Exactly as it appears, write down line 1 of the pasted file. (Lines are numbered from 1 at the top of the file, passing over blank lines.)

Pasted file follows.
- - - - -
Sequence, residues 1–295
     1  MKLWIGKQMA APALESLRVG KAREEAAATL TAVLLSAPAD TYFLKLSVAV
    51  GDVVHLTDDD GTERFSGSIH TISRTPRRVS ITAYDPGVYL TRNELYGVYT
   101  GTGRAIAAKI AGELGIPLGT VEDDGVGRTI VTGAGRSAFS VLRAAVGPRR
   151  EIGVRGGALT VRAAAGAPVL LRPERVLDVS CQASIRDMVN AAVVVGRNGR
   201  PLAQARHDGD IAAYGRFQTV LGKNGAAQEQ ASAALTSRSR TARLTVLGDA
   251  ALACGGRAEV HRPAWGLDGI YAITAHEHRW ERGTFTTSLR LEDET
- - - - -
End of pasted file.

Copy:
Sequence, residues 1–295